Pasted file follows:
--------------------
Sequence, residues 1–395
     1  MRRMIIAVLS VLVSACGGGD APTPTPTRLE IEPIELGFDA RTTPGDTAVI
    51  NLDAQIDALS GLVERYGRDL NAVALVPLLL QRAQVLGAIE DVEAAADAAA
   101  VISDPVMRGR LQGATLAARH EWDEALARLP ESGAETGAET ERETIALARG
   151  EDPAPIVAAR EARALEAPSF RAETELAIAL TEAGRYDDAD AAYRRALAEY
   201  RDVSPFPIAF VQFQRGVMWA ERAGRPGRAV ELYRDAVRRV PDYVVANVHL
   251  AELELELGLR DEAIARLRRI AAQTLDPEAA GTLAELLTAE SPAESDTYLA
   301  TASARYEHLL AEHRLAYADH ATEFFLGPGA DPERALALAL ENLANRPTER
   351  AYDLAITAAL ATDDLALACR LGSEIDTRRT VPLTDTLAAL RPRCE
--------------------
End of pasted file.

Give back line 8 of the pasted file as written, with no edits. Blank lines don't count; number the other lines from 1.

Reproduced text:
   301  TASARYEHLL AEHRLAYADH ATEFFLGPGA DPERALALAL ENLANRPTER